WARNING: THIS BLOG CONTAINS BODYCOUNT. HIGH RISK OF SPOILERS. ENTER IF YOU DARE.

Wednesday, June 22, 2016

The Pagan Pit: Shtolnya (2006)

Shtolnya (Штольня) (Ukraine, 2006) (AKA "The Pit")
Rating: **1/2
Starring: Svitlana Artamonova, Mykola Kartzev, Pavlo Li

It's good. I want to like this movie a bit more, mind you, but I can't. Just can't.

In this Ukrainian production, five students from an archaeological institute join their professor in his dig to uncover some precious artefacts left behind by a group of ancient pagan cultists. However, what these kids find instead is a locked entrance to a series of underground chambers, which may or may not be the final resting place of their aforementioned pagans, and it soon escalates to them entering it by the following morning when their professor goes missing and the chamber's entrance is now unlocked.

With hopes of finding their professor there as well as see if the old tales of hidden pagan artefacts are true, their expedition into the chambers proves to be a fatal mistake as not only do they find themselves lost in it's labyrinth-esque turns, but someone appears to had taken an interest to keep these kids from getting out alive.

I have my share of respected and loved underground survival movies like 2001's The Hole, 2006's The Descent and 2007's Catacombs, and Shtolnya actually looks like a promising foreign take on this shindig as it has the setting and some of the set-pieces workable at a point. In fact, the chambers in this movie, with its maze-like paths, rat-infested wells and dangerous debris lying around, are well comparable to what Tobe Hooper's The Funhouse did to its titular carnival attraction, making it an effective sort-of secondary villain with its trap doors, secret entrances and dangerous props. Further making the survivalist tone of the plot work were some selected scenes that grounded how dire the teens' situation had become, such as an accident ruining their makeshift map, a cellphone call wasted on a non-responsive receiver and one moment when they nearly got an outside help, most of these nearly leading to the group going at each other's throats.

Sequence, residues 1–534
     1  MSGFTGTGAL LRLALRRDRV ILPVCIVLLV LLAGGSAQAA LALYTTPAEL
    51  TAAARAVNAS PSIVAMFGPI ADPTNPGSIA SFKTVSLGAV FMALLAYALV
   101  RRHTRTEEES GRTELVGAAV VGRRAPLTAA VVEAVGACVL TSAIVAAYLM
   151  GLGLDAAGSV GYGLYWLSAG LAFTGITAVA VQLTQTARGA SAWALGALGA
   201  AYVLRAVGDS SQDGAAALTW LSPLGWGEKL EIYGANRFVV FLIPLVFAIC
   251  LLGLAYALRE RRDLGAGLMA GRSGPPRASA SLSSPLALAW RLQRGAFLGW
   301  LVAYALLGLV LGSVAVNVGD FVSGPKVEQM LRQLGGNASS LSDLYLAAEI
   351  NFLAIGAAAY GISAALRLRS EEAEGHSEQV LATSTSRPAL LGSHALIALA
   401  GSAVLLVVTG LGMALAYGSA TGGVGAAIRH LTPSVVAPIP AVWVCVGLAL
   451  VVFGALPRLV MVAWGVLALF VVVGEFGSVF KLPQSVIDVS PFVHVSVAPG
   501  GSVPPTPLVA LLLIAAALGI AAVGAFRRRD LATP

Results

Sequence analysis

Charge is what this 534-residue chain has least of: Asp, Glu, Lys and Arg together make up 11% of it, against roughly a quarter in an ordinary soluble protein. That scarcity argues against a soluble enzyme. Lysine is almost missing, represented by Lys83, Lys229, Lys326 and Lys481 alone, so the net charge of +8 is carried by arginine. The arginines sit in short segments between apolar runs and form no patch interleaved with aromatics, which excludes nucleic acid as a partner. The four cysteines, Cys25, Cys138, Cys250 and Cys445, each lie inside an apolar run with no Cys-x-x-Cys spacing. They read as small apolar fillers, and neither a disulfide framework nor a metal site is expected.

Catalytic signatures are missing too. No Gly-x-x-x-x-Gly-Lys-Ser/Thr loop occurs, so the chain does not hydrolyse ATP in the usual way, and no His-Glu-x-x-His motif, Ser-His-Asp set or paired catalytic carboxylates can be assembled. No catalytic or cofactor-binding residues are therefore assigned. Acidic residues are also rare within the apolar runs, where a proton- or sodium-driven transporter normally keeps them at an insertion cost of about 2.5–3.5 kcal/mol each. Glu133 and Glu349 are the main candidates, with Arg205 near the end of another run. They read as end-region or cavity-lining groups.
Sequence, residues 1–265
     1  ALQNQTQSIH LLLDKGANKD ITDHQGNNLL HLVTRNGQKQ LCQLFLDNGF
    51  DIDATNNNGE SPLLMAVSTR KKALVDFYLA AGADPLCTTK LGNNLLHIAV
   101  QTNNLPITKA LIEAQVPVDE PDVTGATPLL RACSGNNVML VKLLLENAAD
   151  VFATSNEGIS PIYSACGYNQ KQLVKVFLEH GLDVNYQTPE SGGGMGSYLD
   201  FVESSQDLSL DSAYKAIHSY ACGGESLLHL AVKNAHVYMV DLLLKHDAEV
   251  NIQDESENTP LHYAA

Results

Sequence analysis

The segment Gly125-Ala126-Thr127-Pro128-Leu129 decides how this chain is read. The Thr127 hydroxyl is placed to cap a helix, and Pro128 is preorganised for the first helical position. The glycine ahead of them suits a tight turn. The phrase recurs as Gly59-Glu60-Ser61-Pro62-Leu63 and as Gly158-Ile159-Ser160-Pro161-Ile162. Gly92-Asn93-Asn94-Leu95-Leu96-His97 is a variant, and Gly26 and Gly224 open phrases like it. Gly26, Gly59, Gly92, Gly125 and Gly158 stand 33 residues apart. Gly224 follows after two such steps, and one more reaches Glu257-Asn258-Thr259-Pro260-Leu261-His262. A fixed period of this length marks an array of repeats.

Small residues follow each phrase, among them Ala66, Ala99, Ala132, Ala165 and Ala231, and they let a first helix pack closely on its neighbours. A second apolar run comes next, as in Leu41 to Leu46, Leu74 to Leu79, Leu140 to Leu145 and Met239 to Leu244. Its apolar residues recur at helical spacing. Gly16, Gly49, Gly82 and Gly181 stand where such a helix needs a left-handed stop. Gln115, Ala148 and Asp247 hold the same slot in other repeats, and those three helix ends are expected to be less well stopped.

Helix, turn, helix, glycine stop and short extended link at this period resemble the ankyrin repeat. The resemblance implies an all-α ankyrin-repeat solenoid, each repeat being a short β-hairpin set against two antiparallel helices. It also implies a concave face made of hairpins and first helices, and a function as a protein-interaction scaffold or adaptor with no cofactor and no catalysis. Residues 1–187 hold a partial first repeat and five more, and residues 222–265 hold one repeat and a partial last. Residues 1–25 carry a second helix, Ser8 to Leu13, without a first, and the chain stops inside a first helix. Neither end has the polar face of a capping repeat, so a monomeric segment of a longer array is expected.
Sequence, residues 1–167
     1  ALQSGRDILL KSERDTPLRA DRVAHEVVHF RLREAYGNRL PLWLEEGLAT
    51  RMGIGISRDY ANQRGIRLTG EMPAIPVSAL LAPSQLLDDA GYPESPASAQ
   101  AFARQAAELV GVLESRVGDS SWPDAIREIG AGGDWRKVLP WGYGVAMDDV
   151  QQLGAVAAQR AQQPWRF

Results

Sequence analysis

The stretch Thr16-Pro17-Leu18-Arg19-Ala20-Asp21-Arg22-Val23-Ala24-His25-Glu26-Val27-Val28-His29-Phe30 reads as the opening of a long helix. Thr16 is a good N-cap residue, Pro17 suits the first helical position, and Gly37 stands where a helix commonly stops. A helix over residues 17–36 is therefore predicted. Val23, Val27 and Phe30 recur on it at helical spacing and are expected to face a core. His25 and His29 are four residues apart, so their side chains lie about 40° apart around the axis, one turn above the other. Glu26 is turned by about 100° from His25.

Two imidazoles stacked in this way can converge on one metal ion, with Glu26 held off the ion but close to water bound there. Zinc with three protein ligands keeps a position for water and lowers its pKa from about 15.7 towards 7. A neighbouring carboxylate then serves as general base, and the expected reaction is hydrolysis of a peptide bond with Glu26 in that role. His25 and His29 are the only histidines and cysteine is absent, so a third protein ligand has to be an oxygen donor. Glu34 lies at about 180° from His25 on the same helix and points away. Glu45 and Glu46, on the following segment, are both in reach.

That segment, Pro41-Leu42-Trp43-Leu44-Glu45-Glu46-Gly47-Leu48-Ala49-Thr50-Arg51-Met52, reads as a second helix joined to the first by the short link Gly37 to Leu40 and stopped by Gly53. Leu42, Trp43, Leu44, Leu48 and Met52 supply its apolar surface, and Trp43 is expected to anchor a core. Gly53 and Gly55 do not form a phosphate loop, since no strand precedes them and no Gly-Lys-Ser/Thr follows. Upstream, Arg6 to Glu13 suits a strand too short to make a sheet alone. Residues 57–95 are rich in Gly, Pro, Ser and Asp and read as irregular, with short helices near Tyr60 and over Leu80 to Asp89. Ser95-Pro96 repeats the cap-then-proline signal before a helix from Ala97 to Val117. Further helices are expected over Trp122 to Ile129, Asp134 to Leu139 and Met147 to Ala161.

I personally believe Shtolnya would have been a better movie if it focused purely on the teenager's struggle to get out alive, or at least keeping their sanity straight. They might be portraying your classic horror meat but the casts are surprisingly layered and grown to be more likeable the further the movie goes. But (surprisingly coming from me), the movie's attempt to be one-part teen slasher may have knocked it back as an entertainment piece since the slice-and-dice antics look completely forced. And the reason for this? Most of the deaths here are accidental, if not incidental, and the one kill the supposed killer did was caused rather than personally committed. (They startled a victim into tripping a death trap. Not the best way to win our attention, killer) We are only made aware of this villain's presence all throughout with their nasty habit of smearing pagan symbols on the chamber walls with the blood of the dead, but this just made our antagonist look more opportunistic rather than intense like any real movie slasher should be, thus further making the "killer's" inclusion all the more pointless and odd.

This didn't stop the film from playing around with the slasher act, however, as the final third did try to feature a more hands-on take on the killer's terror and we got this supposed twist reveal to their identity. Nonetheless, their inability to really do some personal damage and with all the good bulk of the movie focusing on the survival aspect of its story seem to have watered down its impact. It's a shame, really, since the movie's claustrophobic backdrop and generous amount of darkness would have given Shtolnya a better treatment to their attempt to mix in slasher horror.

Nevertheless, Shtolnya is still a gorgeous and atmospheric offer from Ukraine that deserves a little praise for its low brow attempt to create something different for the slasher/survival subgenre. While it may need more work in merging the two film types proportionately, or at least tried harder in making its slasher portions more recognizable, it's gritty premises and challenged characters should provide enough foreign teen horror goodness to sit through and enjoy.

Bodycount:
1 male crushed by falling rocks
1 female attacked by rats, dies from shock
1 male shot with a rifle
1 male electrocuted
1 male ran through with a javelin, immolated in explosion
Total: 5

No comments:

Post a Comment